The Magic Roundabout is a genuine children’s TV classic, and another show that produced echoes in other programmes after its cancellation. In one episode of the Channel 4 comedy series, Spaced, the female lead, played by Jessica Hynds, goes for a job. The interview, however, is so boring and complicated that she drifts off into a reverie, accompanied by the Magic Roundabout’s theme.

And here’s the music and the title’s sequence, which I found on Raymond942’s channel on YouTube.

Barry Norman’s 1977 Review of Star Wars

April 29, 2022

Here’s a blast from the past to cheer up fans of Star Wars and who miss the genial, avuncular tones of film critic Barry Norman on their TV screens. I found this little snippet from Film 1977 on YouTube, in which Norman looks at, and actually likes, Star Wars. He states that it has become the biggest grossing film in history, as it was when it first came out, although it’s since been overtaken by Titanic and Avatar. The film contained the right mixture of romantic adventure, including the knights of the round table and Science Fiction. Alec Guinness as Obi-Wan Kenobi is described as a kind of elderly Sir Galahad with the film also starring Harrison Ford, Mark Hamill and Carrie Fisher. But, adds Norman, the real stars are likely to be the two robots, R2D2 and C3PO. He also mentions how the film was already becoming a merchandising phenomenon. The action figures wouldn’t be out by Christmas, but a whole range of other toys, including ray guns, would. He quotes one Fox executive as saying that it’s not a film but an industry.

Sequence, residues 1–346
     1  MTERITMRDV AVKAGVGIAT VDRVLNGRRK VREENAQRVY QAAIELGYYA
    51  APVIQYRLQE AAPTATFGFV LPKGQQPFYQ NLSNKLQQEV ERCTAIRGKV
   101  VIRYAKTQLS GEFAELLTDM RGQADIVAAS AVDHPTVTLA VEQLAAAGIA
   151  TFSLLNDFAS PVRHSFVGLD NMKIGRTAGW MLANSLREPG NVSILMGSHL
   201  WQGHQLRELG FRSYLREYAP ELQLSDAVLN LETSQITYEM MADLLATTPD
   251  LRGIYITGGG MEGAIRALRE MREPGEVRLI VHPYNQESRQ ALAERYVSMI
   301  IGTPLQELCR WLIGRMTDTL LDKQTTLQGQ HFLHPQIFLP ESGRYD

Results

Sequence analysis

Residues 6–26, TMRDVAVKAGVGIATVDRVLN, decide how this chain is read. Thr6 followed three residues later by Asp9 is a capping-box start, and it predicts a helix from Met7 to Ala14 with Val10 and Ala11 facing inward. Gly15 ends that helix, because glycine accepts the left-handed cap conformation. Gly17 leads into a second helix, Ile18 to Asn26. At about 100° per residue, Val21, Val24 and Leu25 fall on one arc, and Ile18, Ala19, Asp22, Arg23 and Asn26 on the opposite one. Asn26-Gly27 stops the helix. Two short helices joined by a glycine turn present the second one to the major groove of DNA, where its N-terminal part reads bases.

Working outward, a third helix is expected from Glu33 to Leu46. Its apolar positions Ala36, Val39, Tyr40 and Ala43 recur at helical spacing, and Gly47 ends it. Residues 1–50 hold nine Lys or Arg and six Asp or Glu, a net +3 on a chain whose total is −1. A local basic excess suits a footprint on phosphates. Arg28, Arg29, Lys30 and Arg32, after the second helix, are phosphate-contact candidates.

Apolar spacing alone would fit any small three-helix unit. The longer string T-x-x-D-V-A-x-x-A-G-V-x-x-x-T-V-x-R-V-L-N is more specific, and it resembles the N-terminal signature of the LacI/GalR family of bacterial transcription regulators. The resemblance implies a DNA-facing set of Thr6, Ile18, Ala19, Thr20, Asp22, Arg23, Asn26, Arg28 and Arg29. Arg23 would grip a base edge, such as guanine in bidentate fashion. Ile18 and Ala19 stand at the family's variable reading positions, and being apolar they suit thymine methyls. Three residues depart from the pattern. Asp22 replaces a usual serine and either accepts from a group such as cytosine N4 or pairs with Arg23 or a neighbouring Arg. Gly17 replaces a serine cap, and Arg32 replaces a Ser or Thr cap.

The film’s success took writer and director George Lucas and producer Gary Kurtz by surprise. Lucas spent years writing and re-writing the script before it was ready for shooting, and the film was initially rejected by two studios. Even more amazing is that it was shot on the low budget of £6 million – which was obviously worth a lot more in 1977 than it is now – and that the special effects and many of the live action sequences were created by British special effects technicians at Elstree. But none of the film’s massive profits will be coming back to them, unfortunately.

Before Star Wars, Lucas was best known for his film American Graffiti, but the seeds of Star Wars are in an earlier film he made as a 27 year old graduate film student, THX1138. And now, two films later, at the age of 32, Lucas is so rich he need never work again. But there’s no point being jealous, says Norman, adding ‘Damn him!’ He nevertheless concludes that Lucas is a good director who deserves his success.